Category Archives: Governance and Accountability



D. Stromberg

The Quarterly Journal of Economics Vol. 119, No. 1 (2004) pp. 189-221

Principal Research Question and Key Result Does penetration of mass media such as radio create better informed voters that consequently receive more favourable policies? In the context of early radio expansion, this paper finds that an increase in the share of households with a radio by 1% increases spending in that area by 0.54%. 
Theory Mass media creates a distribution of informed an uninformed citizens. Informed citizens may be able to achieve better policy results. For this to occur they must vote, and they must know whether their representative has done something for them, and information from the media helps them. Thus is it more costly for politicians to neglect voters with access to political information via the media. This indicates that government spending s should be higher on groups that have access to the media, higher on groups where more people vote and voter turnout should be higher where people have access to media.The model indicates that if:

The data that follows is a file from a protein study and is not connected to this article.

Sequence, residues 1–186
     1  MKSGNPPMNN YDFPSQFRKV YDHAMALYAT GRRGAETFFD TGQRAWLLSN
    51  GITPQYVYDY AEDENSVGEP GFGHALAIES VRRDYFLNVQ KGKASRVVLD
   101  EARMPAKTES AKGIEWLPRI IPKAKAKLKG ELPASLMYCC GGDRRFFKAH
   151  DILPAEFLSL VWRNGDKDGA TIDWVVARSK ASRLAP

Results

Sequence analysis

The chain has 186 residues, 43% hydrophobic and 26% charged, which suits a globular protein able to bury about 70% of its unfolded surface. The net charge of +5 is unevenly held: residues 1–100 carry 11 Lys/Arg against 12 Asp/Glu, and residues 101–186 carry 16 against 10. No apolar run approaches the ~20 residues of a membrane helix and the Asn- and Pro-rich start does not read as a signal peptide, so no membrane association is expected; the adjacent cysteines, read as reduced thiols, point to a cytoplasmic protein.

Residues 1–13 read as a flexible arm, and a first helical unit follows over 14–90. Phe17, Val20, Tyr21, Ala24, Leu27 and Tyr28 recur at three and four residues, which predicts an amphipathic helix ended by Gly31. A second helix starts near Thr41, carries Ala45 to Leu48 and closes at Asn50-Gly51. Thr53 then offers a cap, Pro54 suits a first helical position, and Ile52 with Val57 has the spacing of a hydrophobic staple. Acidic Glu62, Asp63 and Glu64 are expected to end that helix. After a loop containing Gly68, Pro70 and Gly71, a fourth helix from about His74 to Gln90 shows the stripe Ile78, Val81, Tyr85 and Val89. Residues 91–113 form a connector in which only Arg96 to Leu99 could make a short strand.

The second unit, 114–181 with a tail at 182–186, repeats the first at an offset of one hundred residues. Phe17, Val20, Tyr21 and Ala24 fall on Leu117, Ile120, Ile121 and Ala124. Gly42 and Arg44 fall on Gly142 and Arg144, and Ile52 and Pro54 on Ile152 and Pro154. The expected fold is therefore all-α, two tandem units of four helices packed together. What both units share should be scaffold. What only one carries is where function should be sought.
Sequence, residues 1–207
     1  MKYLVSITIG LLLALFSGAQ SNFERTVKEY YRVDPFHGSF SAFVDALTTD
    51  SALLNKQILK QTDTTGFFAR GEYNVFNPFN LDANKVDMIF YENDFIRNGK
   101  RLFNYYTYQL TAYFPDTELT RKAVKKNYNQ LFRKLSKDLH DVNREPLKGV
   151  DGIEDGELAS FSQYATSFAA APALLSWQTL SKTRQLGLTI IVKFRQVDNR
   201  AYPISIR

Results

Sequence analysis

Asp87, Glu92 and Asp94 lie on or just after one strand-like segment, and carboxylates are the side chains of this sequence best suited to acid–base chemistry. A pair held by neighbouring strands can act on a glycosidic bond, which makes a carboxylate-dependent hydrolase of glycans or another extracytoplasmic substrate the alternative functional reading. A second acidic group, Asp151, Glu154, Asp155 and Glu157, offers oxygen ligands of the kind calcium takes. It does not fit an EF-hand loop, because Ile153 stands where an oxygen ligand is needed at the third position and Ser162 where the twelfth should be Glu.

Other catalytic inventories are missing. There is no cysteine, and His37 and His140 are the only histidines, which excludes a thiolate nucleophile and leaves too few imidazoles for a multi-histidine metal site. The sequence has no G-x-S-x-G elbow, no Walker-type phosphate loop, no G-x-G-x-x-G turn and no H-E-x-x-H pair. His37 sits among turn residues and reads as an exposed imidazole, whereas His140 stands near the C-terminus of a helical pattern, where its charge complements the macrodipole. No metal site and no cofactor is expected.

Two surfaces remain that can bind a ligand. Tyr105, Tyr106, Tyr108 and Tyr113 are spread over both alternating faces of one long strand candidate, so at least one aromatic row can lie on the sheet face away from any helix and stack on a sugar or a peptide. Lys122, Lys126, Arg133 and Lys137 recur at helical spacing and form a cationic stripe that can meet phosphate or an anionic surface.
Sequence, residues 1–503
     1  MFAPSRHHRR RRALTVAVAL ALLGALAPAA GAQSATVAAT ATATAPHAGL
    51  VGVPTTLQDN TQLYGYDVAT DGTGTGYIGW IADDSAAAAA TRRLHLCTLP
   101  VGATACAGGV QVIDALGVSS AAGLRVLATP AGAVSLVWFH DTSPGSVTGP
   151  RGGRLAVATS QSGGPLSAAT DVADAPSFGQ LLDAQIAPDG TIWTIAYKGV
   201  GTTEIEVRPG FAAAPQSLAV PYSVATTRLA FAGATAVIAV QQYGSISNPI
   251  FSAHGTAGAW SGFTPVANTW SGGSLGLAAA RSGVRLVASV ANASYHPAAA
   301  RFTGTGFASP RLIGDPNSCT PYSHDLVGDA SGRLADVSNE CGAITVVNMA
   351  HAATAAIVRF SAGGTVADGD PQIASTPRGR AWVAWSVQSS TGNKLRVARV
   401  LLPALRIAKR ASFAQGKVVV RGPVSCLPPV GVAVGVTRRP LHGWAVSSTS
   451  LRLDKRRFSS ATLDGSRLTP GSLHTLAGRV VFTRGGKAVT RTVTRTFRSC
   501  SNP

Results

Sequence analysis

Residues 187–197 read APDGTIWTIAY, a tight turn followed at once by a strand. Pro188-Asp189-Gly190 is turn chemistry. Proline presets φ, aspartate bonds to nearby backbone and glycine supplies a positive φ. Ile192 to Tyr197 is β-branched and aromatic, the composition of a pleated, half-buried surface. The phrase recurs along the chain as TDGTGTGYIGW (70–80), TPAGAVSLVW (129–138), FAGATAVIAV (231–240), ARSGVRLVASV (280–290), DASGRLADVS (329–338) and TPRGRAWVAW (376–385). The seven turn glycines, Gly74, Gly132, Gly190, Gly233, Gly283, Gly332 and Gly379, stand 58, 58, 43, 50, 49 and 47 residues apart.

xi(uc)(zc) – βi η > ui

then the incumbent will be reelected. X is 1 if the population knows that something has been done for them. U is the utility they receive from the amount of spending Z. Beta is the ideological preference for the challenger, and Eta is the general popularity of the other candidate.

The governor knows that the voter will vote with some probability t and that the voter knows of his responsibility for the relief programme with some probability α that is an increasing function of r (radio coverage)